[Smt-talk] Pieces contrary to the minor/major = sad/non-sad stereotype

Eric Knechtges eric.t.knechtges at gmail.com
Fri Oct 2 08:58:54 PDT 2009

It seems like our perception has just as much to do (if not more) with
tempo and other less pitch-related issues as it does with the mode.
I'm waiting for someone to come up with a major mode example in a FAST
tempo that someone would see as "sad", or something minor in a slow
tempo that people would see as happy.

I'm certainly hoping that there's not the implication here that all
music fits neatly into one of these two boxes.  In this vein, I had a
tuba teacher in undergrad who semi-joked with me once that all songs
were either "love songs" or "pirate songs".  Certainly, music is
capable of an infinite, nuanced, multifaceted and personal range of
emotion, which I would imagine/hope is what attracted most of us to it
in the first place!

And once again, as has been point out, this whole subjective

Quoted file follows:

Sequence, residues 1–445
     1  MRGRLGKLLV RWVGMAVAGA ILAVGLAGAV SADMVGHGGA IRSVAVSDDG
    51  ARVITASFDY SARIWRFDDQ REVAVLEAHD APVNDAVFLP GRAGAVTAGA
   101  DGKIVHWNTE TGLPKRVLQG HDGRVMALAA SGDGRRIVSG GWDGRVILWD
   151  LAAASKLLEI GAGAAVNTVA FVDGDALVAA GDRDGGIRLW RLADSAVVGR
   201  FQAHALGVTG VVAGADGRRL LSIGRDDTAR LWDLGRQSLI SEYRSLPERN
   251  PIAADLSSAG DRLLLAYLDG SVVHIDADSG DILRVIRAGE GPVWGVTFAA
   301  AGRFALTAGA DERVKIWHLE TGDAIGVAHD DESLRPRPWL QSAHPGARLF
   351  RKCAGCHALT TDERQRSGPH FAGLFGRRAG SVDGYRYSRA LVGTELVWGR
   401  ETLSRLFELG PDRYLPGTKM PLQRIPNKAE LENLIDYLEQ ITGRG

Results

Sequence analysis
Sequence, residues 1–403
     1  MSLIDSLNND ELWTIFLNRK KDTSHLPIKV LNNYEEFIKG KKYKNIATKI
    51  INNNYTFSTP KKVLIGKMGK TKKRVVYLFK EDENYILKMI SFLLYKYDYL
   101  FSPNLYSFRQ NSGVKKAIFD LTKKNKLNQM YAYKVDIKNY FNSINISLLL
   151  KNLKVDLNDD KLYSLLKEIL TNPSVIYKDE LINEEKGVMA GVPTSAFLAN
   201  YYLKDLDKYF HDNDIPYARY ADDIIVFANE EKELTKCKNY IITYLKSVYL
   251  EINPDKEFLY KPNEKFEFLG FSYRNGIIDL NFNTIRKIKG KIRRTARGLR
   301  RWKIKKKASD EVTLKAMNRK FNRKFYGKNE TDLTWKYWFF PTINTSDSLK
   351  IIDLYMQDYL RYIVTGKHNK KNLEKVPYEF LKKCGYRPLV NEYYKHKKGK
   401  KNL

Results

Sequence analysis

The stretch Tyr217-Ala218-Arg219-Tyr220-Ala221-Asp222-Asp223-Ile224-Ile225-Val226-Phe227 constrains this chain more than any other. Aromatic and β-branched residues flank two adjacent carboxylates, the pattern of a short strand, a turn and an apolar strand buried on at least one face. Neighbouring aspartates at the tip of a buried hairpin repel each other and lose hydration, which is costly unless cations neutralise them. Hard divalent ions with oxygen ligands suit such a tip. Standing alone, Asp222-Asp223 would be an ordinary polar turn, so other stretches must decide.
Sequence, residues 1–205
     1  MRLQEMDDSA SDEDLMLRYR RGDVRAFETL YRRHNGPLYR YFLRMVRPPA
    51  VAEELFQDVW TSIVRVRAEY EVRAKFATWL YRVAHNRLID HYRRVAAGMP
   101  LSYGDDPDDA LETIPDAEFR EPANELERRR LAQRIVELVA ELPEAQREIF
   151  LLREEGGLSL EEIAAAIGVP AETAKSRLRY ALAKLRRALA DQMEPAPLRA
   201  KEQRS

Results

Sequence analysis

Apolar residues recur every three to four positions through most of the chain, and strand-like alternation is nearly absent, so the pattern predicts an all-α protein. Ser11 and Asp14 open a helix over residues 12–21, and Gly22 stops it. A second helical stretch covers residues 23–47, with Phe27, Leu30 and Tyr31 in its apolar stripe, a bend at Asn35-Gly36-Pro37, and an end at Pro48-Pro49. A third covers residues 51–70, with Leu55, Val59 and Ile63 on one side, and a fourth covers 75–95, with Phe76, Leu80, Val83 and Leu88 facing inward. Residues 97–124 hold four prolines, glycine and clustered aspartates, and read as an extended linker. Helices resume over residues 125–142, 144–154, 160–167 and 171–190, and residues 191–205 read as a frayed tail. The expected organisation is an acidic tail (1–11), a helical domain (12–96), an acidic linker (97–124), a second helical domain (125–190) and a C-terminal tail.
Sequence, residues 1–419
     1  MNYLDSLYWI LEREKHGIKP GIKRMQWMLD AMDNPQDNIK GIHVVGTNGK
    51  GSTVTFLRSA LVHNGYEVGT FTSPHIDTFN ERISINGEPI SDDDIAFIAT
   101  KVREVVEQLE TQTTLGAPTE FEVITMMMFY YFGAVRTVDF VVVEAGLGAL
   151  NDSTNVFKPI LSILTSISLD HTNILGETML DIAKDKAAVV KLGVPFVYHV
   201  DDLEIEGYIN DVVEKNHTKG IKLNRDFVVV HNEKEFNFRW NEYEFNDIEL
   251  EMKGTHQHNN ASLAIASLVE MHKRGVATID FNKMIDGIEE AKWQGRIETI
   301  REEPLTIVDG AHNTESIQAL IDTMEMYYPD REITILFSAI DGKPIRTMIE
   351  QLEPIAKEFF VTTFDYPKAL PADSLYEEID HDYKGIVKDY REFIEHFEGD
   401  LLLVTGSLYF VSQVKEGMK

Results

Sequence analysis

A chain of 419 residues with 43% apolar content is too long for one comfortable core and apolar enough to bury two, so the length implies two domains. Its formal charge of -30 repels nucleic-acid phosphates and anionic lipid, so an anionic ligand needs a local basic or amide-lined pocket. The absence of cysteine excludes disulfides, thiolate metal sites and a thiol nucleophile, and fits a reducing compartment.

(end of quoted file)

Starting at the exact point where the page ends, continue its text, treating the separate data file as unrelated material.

discussion is from the awfully ethnocentric point of view of the
Western classical tradition.  The "majorness" or "minorness" of the
third, and indeed even the tempo of music, means entirely different
things in Indonesian gamelan music, Indian classical music, Arabic
traditional music, etc.

However, since the original author of the question probably wasn't
looking for all of this commentary, I'll offer up the Adagietto from
Mahler's 5th Symphony as another example of something that I hear as
"sad" that is mostly in F major (aside from a digression in the
middle)... and I'll offer up Rimsky-Korsakov's "Flight of the
Bumblebee" as something in minor that certainly doesn't sound sad.

Eric Knechtges
Assistant Professor, Coordinator of Theory/Aural Skills/Composition,
Northern Kentucky University

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